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  Opinion   Edit  19 Aug 2020  AA Edit | Flashpoint in Belarus

AA Edit | Flashpoint in Belarus

THE ASIAN AGE.
Published : Aug 19, 2020, 6:03 pm IST
Updated : Aug 19, 2020, 6:03 pm IST

The European Union has called an emergency virtual summit on Wednesday, as it explores how to help Belarus

Belarusian opposition supporters gather for a protest rally in front of the government building at Independent Square in Minsk, Belarus. AP Photo
 Belarusian opposition supporters gather for a protest rally in front of the government building at Independent Square in Minsk, Belarus. AP Photo

Over three decades after the Berlin Wall fell and the Soviet Union disintegrated shortly afterwards, Belarus’ embattled President Alexander Lukashenko, who ruled his country – once part of the Soviet empire – with an iron hand for over a quarter century, is being taught a lesson on the meaning of “people power”.

After claiming victory in the August 9 election, he faced nine days of continuous protests demanding he leave for rigging the results, with even some police and intelligence personnel deserting him.

 

Lukashenko, described by many as “Europe’s last dictator”, stood firm at the outset, but after open heckling by factory workers in Minsk on Monday, who demanded he “step down”, seemed to indicate he might be open to sharing power.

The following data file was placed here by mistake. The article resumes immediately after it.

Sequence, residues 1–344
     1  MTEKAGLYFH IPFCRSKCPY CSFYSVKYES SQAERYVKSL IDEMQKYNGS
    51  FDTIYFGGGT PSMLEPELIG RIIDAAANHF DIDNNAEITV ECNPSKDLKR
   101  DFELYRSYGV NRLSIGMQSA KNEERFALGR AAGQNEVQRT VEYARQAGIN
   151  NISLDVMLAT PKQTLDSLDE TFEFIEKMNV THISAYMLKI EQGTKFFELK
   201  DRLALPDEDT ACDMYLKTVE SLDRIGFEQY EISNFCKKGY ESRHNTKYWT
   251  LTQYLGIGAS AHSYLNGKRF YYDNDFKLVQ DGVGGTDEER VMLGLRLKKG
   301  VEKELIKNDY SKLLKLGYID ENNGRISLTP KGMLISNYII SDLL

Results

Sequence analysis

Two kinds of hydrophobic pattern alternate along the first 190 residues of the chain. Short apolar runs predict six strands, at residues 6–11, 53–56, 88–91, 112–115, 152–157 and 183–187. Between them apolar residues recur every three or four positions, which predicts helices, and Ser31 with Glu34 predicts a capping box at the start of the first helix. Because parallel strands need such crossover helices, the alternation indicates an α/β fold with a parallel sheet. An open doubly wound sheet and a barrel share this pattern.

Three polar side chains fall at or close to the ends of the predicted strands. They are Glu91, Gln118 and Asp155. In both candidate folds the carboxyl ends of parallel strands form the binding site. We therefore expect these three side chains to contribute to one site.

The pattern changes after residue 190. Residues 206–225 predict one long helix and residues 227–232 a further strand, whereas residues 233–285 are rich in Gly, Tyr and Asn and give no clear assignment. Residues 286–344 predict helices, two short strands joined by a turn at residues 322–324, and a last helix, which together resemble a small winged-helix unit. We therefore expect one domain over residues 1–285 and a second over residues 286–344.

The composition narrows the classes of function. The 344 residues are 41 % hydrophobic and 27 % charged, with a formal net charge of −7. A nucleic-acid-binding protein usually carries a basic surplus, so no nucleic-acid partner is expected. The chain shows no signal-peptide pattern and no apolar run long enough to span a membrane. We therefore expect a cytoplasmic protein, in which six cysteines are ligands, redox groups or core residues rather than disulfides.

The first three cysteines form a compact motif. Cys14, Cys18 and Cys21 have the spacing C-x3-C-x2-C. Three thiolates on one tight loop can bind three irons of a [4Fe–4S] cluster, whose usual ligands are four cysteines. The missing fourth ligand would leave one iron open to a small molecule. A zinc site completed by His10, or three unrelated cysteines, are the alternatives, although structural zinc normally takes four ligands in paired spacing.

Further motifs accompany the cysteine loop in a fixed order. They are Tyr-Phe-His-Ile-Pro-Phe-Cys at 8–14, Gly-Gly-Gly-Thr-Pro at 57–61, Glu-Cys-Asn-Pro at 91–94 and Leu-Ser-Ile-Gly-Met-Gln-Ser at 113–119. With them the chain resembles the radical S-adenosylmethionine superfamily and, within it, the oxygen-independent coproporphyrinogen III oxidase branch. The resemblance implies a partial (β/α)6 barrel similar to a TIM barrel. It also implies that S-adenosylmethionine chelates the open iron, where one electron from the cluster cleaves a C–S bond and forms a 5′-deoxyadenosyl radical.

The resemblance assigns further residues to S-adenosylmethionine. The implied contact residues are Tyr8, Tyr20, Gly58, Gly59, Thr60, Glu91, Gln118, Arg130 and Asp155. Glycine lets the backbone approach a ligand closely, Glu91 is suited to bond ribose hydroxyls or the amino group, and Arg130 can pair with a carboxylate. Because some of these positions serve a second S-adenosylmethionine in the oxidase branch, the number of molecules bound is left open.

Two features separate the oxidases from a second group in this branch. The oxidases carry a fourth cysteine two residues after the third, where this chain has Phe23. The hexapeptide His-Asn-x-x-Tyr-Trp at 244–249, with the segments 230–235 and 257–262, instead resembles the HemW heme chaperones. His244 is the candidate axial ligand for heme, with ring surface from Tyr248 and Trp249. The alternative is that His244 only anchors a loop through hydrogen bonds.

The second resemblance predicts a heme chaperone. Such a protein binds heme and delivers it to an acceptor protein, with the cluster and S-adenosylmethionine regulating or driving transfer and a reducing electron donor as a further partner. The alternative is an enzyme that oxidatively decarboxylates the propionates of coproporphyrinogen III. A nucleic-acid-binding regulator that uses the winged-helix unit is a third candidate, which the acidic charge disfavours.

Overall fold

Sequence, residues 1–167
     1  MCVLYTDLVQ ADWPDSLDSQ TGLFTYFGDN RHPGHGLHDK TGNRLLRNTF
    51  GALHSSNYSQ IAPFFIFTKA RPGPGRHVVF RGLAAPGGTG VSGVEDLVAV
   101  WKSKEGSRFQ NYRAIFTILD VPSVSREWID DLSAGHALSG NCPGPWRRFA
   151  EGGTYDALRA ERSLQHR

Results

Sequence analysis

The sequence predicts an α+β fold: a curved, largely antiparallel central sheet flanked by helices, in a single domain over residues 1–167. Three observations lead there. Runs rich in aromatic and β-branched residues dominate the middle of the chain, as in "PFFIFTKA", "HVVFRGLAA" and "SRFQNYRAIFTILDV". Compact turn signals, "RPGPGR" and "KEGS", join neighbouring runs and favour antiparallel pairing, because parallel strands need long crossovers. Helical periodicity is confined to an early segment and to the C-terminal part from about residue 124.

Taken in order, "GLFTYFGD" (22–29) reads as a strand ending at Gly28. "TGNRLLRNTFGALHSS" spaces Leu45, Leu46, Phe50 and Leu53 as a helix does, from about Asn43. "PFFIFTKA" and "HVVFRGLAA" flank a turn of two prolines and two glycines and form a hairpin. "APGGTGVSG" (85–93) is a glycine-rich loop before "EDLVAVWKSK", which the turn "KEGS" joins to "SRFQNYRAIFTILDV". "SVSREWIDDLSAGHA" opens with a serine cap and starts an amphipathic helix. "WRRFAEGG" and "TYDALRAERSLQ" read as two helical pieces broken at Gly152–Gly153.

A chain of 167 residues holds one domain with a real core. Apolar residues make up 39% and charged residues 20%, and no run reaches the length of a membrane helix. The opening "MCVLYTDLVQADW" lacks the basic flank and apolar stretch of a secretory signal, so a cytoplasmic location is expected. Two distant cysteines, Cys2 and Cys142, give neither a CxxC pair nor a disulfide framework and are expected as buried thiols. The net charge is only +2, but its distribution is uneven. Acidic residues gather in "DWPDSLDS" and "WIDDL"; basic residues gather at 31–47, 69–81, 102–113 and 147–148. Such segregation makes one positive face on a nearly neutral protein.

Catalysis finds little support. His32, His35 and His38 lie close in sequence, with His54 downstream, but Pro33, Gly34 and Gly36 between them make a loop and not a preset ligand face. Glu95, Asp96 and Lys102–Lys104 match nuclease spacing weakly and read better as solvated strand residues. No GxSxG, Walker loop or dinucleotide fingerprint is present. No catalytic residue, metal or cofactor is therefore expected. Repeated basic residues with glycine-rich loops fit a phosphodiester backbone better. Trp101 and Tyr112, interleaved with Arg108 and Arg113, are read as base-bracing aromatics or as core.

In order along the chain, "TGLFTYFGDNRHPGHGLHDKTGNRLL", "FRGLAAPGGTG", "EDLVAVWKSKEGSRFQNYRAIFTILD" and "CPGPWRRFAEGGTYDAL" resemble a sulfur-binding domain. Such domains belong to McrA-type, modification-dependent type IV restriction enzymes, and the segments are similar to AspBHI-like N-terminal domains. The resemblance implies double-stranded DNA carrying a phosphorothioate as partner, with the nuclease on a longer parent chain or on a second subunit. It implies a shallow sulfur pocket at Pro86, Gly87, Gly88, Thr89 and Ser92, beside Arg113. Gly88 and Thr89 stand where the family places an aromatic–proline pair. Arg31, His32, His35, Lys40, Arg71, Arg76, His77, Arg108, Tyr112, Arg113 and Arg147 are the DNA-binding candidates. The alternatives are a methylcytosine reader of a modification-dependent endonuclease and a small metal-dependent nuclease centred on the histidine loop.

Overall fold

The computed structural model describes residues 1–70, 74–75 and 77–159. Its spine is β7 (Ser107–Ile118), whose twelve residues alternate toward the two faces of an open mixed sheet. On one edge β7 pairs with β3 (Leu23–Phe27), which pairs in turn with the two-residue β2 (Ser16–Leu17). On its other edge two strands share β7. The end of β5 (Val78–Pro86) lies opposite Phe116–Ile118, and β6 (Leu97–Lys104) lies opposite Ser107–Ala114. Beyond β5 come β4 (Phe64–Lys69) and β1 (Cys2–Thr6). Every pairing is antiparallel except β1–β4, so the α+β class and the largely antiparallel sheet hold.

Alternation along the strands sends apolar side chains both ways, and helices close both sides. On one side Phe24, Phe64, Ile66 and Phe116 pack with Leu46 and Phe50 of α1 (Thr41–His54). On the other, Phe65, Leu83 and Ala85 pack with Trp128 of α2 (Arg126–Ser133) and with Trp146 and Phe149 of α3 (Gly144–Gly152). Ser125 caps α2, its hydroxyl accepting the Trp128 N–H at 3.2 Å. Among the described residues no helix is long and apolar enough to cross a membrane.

He suggested a referendum be held to change constitutional provisions so that a fresh election could take place, but this concession seems to have come too late, with the demonstrators demanding that he just go.

Sviatlana Tsikhanouskaya, the Opposition leader who fled into exile in neighbouring Lithuania two days after the election, claims that she won by a 60-70 per cent margin, and said she is ready to take over and lead the country, but Lukashenko vowed he won’t quit “under pressure”.

 

He even said: “Until you kill me, there will be no other elections.” One hopes he hasn’t forgotten the fate of Romania’s Nicolae Ceausescu and his wife Elena.
The embattled leader may have hoped Russia, Belarus’ powerful eastern neighbour, might come to his rescue and he spoke to President Vladimir Putin several times, but Moscow’s intervention seems unlikely.

President Putin promised help in case Belarus faces an external threat, but the threats Lukashenko faces are internal. There is little anti-Russian sentiment in Belarus, and most people speak Russian, so rather than prop up the unpopular President, Putin might try to “manage” the transition.

 

An invasion, like in Ukraine some years ago, would also trigger fresh Western sanctions, something Russia might wish to avoid. The European Union has called an emergency virtual summit on Wednesday, as it explores how to help Belarus in its hour of need.

Tags: belarus protests